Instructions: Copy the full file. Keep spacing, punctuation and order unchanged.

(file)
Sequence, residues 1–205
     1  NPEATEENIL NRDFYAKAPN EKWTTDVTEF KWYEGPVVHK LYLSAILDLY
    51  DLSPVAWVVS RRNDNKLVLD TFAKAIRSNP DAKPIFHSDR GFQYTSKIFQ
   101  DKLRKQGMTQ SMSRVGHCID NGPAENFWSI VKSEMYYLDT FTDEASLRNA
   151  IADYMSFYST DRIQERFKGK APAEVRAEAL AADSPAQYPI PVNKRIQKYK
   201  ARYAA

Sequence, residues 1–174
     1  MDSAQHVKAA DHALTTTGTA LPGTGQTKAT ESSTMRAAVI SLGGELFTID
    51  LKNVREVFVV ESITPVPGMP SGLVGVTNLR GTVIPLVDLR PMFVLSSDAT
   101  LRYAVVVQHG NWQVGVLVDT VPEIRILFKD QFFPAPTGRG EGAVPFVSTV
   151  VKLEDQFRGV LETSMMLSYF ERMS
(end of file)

Sequence, residues 1–205
     1  NPEATEENIL NRDFYAKAPN EKWTTDVTEF KWYEGPVVHK LYLSAILDLY
    51  DLSPVAWVVS RRNDNKLVLD TFAKAIRSNP DAKPIFHSDR GFQYTSKIFQ
   101  DKLRKQGMTQ SMSRVGHCID NGPAENFWSI VKSEMYYLDT FTDEASLRNA
   151  IADYMSFYST DRIQERFKGK APAEVRAEAL AADSPAQYPI PVNKRIQKYK
   201  ARYAA

Sequence, residues 1–174
     1  MDSAQHVKAA DHALTTTGTA LPGTGQTKAT ESSTMRAAVI SLGGELFTID
    51  LKNVREVFVV ESITPVPGMP SGLVGVTNLR GTVIPLVDLR PMFVLSSDAT
   101  LRYAVVVQHG NWQVGVLVDT VPEIRILFKD QFFPAPTGRG EGAVPFVSTV
   151  VKLEDQFRGV LETSMMLSYF ERMS